Psalm 23: Miss (In)Dependence

When you think of the word “dependence,” what comes to mind? For many, “dependence” has become a nasty term—one that describes limitations and weaknesses. Women are encouraged to depend on no one but themselves, and our society champions those who seemingly pull from their own strengths, talents, and grit to live their “best lives,” full of glamour and praise. A dependent woman is one living in bondage of someone or something and is in desperate need of liberation.

Ironically, the Psalmist David, one of the most powerful, influential leaders of his day, had a different opinion about dependence.

In Psalm 23, he wrote:

“The Lord is my shepherd; I shall not want” (23:1).

David describes his relationship with the Lord as one of complete dependence. Having been a shepherd in his youth, David was familiar with the constant care required to keep his flock fed, watered, safe, and prosperous. By comparing this  relationship between God and man to that of a Shepherd caring for his sheep, David is communicating an overlooked truth: Mankind is totally dependent on God.

There are some areas in which I quickly recognize my need for God—such as forgiveness, salvation, and sanctification—but there are also many areas in my life where I am less willing to trust God’s guidance. How many times have I said, “The Lord is my Shepherd,” without ever intending to actually follow where He leads?

In reading Psalm 23, I found that David is showing that the full, abundant life of a believer is found in submission to the Shepherd’s leading, and not through self-betterment or achievement.

This idea of thriving in dependence is completely counter-cultural and requires some reflection and evaluation.

  1. Recognize your need.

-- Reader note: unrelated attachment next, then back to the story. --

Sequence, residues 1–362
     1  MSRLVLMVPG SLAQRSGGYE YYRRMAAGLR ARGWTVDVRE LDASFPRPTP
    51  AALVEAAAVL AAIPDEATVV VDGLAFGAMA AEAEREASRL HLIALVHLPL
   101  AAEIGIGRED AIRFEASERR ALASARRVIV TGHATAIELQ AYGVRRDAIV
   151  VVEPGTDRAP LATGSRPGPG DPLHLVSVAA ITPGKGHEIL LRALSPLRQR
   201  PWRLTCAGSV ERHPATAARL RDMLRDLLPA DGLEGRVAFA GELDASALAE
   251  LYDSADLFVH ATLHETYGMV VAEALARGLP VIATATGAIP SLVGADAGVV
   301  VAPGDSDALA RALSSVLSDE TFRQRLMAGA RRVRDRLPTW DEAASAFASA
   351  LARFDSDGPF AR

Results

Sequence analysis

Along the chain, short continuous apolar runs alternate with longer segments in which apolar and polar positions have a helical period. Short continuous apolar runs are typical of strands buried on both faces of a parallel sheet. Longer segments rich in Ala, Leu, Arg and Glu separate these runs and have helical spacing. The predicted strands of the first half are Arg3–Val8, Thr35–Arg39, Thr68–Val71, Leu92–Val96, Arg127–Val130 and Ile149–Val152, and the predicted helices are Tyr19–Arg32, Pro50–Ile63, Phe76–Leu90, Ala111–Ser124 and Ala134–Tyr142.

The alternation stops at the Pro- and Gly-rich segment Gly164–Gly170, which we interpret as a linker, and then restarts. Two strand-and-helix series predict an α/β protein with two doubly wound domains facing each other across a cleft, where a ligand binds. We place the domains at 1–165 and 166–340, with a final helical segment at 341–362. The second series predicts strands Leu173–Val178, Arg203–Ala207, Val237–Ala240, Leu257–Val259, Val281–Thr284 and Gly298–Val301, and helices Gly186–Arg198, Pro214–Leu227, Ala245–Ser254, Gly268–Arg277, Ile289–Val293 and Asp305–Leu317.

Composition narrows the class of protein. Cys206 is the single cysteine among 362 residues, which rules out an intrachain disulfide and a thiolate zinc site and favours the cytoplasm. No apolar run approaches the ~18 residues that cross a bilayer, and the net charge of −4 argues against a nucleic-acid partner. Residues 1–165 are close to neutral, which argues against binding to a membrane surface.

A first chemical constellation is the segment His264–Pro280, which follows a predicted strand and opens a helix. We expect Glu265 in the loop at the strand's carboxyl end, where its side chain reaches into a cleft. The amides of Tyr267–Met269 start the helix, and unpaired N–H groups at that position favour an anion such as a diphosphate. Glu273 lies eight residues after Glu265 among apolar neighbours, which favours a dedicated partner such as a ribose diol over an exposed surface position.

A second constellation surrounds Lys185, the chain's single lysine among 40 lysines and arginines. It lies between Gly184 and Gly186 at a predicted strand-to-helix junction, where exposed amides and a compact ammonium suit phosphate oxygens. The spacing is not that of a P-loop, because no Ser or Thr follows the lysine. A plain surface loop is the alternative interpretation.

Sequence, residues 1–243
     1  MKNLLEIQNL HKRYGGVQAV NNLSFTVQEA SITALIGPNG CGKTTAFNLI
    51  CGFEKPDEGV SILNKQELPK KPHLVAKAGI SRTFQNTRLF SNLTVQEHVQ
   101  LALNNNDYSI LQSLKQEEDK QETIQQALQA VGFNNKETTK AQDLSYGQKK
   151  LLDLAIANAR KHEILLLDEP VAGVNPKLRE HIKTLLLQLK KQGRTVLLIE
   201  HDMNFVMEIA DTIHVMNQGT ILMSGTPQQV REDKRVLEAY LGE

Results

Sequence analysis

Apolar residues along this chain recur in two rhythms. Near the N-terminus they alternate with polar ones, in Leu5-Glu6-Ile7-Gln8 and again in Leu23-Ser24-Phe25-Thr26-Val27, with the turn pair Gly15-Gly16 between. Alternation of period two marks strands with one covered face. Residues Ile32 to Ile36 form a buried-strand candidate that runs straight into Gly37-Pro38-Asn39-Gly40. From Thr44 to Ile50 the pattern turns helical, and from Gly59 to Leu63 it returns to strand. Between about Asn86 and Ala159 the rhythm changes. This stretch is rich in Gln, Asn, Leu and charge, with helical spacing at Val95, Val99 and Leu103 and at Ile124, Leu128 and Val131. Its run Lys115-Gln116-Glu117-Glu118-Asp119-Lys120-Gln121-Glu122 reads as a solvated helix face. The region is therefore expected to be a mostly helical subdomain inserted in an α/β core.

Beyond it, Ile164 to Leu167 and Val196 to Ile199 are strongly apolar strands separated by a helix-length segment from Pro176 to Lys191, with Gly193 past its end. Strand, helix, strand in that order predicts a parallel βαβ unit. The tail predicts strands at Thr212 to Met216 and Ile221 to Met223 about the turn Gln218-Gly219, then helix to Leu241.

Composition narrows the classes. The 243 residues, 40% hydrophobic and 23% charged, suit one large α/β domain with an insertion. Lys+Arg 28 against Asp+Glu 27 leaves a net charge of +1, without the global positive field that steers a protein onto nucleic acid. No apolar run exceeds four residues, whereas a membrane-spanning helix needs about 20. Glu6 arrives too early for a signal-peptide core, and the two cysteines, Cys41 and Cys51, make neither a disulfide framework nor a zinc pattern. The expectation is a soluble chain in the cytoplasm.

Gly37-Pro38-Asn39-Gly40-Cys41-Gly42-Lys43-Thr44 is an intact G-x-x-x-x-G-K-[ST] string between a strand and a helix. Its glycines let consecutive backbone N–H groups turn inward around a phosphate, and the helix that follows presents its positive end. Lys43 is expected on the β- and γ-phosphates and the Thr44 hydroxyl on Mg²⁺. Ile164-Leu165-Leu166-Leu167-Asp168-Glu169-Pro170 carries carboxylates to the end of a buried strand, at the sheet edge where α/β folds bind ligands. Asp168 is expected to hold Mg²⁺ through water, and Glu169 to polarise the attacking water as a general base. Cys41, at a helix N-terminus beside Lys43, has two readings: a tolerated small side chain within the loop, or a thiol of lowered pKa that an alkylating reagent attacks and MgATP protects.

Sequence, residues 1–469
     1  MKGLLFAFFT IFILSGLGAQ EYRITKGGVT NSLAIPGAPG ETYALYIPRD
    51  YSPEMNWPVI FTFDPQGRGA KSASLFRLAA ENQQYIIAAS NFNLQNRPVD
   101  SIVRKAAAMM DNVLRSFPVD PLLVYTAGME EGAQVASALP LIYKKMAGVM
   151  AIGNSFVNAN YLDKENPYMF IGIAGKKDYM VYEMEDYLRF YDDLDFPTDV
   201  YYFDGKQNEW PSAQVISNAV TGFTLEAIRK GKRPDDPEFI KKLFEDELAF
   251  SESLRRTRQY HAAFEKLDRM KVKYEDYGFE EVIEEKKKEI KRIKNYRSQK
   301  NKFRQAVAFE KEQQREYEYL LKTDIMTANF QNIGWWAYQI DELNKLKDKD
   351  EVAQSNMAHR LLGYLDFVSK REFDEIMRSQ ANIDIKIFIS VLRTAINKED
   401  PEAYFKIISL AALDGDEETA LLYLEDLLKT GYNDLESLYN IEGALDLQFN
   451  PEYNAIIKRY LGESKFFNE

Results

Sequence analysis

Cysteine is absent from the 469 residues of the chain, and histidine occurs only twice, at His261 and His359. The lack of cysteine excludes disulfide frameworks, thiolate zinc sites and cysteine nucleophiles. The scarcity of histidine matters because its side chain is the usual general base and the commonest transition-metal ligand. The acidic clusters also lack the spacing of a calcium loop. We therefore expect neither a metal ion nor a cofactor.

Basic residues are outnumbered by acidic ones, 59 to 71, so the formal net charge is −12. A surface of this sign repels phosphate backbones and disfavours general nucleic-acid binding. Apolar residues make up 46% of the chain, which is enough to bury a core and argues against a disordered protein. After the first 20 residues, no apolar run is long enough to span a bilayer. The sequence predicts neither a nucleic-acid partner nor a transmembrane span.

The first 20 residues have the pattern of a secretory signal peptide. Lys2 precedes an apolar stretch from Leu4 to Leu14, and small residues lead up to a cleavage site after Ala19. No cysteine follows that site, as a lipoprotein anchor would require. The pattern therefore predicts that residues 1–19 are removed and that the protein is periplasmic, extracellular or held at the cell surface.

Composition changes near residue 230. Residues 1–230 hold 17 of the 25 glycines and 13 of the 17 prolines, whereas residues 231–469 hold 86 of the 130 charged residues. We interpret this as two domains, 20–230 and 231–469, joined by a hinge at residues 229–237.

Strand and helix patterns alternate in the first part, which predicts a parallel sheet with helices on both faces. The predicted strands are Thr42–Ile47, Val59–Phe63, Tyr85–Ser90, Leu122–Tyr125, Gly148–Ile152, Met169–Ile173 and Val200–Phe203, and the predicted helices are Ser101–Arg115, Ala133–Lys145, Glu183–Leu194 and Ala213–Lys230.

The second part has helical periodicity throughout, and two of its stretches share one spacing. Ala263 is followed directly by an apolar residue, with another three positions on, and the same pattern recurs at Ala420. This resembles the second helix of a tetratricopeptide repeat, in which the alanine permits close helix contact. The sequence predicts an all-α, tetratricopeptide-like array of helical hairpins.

The first step to living a fully dependent life on God is recognizing your need for Him. Throughout David’s life, he was constantly aware of just how much he depended on God. As a young man before a mighty giant, he boldly declared that it was not strength nor skill that would give way to victory that day, but in the name of the “Lord of Hosts” (1 Samuel 17:45). As God’s anointed, fleeing from the wrath of Saul, he called out to God for protection (Psalm 59). As a king who had committed murder and adultery, he lamented before God for forgiveness and restoration (Psalm 51). And finally, as God’s covenant was revealed to him, establishing his throne forever, David praised God and humbly cried out “Who am I, Lord God, and what is my family that you have brought me this far?” (1 Chronicles 17:16). Never once did David take the glory for himself. In victory and defeat, fear and celebration, sin and restoration—David was consistently recognizing his need for God.

  1. Embrace your weakness.

One of the most troubling phrases in Scripture for the goal-smashing, overachieving “Miss Independent” is Paul’s words in 2 Corinthians 12:10: “For when I am weak, then I am strong.” I do not know about you, but when I was setting my goals for this New Year, “become weaker” was not on the list. Jesus’ words in the Gospel of John remind us that “apart from me [Jesus] you can do nothing” (John 15:5). It is difficult to understand this paradox in Scripture that weakness gives way to strength. For many of us weakness and failure are our greatest fears. We will do anything to show the world how well we have kept everything together, displaying on our social media channels the happy, independent woman that everyone longs to be, while inside we evaluate and analyze every flaw and imperfection.  If you live in fear of showing weakness, then you will never be able to embrace the full, abundant life in Christ. You must be able to embrace the fact that you are just a simple sheep in desperate need of a Shepherd and offer up the glory and praise that belongs only to our faithful, loving God.

  1. Thrive (in)dependence.

Just because we are weak does not give us the right to mope and sulk through life. Psalm 23 does not just leave us as pathetic, dependent creatures. As you read further, you will find that the Good Shepherd gently and relentlessly guides His sheep. He leads them to abundant pastures, still waters, through righteousness, and even through difficult valleys of death. The sheep have nothing to fear. The Shepherd is always with them and comforts them. We can thrive in dependence because we can trust the One who is guiding us.

Are you anxious, tired, worn-out, or worried? Surely these aren’t the “peaceful streams” of the Lord’s leading. Perhaps you are pushing so hard to show your independence and strength that you are not able to thrive in dependence of the Good Shepherd.  Consider making the change from “Miss Independent” to “Miss (In)Dependence.” You may just find that living your “best life” requires Someone leading you other than yourself.


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